“We do not know (about what happens) after that, if the government is still shut down, because there’s no one at USDA processing any of the invoices to pay the vendors or the truckers, so they’re not going to continue to ship food out of their inventory or use their staff and fuel and trucks, if they’re not being reimbursed,” Osso said.
The federal government does provide for a certain amount of cost reimbursement, she said. Shared Harvest was reimbursed last week for October and November.
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“They say there’s money to be reimbursed for December for the TEFAP side, but not for the Commodity Supplemental or Senior Box Program side,” she said. “We have enough food in inventory to carry us through about mid-March, (but) the problem is even if the government comes back online within the next couple of weeks, it’s going to take four to six weeks for them to catch up. The question is, what happens between now and then?”
USDA food accounts for all of Shared Harvest’s Senior Box Program and about 30 percent of food served at food pantries, soup kitchens and shelters.
“Is there a way to make up that? Absolutely not,” Osso said. “We are hitting the donor market as hard as we can.”
Those who need to apply for national food program SNAP (Supplemental Nutrition Assistance Program), including those who have missed paychecks during the government shutdown, also may face delays in being approved, she said.
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Of the 150,000 families that Shared Harvest serves each year, about half use SNAP, also known as food stamps. That means if federal funding is cut, the food bank will be their only source for nutrition, Osso said.
“At this point, we’re looking at the inventory that we have, what we expect to come in the next four to six weeks, and how long we can manage that inventory to make it last until there’s replenishment in the pipeline,” she said.
Breweries and beer drinkers, too, are already feeling the impact of the government shutdown because of the affect on the Alcohol and Tobacco Tax and Trade Bureau, or the TTB, which regulates the alcohol beverage industry.
Breweries not only must apply for a permit and garner approval from the TTB before they can start operations, they must get new beers approved through the TTB before they can make them available to the public.
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Those processes have been put on hold, which could delay of the opening of some new breweries and the flow of new brands to shelves.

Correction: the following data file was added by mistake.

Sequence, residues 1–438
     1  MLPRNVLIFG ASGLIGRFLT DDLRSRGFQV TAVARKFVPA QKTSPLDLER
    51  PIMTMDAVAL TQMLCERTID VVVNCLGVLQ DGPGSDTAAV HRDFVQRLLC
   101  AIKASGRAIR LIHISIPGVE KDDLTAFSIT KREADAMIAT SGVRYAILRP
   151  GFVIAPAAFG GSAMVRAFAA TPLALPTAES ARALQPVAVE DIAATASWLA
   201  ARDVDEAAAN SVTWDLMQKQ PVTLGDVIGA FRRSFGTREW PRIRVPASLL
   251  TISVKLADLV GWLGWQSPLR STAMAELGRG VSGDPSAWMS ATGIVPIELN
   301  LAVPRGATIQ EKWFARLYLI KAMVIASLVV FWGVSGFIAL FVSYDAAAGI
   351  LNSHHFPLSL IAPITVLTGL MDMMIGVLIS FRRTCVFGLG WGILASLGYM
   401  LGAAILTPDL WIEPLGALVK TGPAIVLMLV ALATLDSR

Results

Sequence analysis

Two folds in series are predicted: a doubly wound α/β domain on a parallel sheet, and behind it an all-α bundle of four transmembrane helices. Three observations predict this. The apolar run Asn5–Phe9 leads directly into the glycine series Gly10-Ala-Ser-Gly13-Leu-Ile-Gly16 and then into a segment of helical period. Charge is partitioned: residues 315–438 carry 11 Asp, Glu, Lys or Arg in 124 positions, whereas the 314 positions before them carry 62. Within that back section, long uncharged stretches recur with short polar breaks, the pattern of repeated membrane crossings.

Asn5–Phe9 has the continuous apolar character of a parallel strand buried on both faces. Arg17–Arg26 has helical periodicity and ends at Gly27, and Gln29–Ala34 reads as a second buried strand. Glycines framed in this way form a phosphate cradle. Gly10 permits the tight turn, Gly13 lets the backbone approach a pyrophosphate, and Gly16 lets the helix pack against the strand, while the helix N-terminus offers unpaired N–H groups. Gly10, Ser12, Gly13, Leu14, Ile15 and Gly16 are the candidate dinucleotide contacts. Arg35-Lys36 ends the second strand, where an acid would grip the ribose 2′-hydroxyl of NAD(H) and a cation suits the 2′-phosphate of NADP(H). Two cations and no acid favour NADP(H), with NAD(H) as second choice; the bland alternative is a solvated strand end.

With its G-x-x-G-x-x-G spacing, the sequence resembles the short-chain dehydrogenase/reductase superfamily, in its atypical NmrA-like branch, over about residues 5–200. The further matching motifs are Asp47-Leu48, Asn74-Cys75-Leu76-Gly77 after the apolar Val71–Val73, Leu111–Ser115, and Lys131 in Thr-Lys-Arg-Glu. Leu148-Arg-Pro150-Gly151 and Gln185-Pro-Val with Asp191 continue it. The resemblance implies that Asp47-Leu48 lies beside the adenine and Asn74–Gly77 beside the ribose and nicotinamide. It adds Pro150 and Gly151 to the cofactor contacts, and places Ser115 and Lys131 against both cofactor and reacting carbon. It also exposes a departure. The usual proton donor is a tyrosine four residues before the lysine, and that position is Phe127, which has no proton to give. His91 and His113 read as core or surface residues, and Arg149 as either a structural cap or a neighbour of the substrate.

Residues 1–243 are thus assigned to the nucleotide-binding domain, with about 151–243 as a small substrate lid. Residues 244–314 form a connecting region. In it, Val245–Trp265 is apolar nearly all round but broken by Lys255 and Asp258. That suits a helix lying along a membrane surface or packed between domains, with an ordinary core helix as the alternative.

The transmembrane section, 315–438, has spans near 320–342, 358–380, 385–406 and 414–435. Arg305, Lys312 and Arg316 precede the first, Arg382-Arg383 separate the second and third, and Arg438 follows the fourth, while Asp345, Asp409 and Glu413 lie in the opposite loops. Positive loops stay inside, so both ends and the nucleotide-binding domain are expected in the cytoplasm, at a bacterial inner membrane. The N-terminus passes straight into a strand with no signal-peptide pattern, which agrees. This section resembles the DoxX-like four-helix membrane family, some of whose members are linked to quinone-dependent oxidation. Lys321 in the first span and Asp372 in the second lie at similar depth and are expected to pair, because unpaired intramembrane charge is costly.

The shutdown is already affecting Monroe-based Rivertown Brewing Company, which “launches new beers all the time,” according to founder and owner and brewmaster Jason Roeper.
New brews created there can be sold in the taproom but not packaged for sale until the TTB signs off on labeling. That means a batch made for Dayton-based brewery Nowhere in Particular remains in limbo inside of Rivertown's tanks.
“I’ve got a big investment just sitting there that I can’t get a label approval for,” Roeper said. “We had submitted everything before the shutdown happened and there’s a wait period.
“We’re stuck with about $12,000 sitting in our tank that we can’t do anything with,” he said.
The government shutdown also means breweries that use anything beyond the four basic ingredients — grain, hops, yeast and water — also must wait to file for federal formula approval before they can sell their beers.
Once the federal government reopens, the backlog is likely to lead to a “very, very long waitlist” because many breweries are vying for the same approval, Roeper said.
Approximately 6o to 70 percent of what Rivertown produces is packaged, and the remainder goes into draft, he said. The bulk of the actual business is what’s sold in its Monroe taproom. However, it does “ship quite a bit of volume,” between 20 to 25 percent, out of state.
If the shutdown continues, it’s likely to impact Rivertown’s new brews, and with it, new opportunities, Roeper said.
“Without that approval, we just don’t want to take the financial risk,” he said. “We’re pretty much shut down on that side. Just like the government’s shut down, we’re shut down.”
A continued shutdown also is likely to have an effect on brewery workers.
“I’m shifting work around to keep them busy but, from the same token, the longer this goes on, it’s going to impact workers,” he said. “You can’t have them sit there and not be able to pay for their salaries.”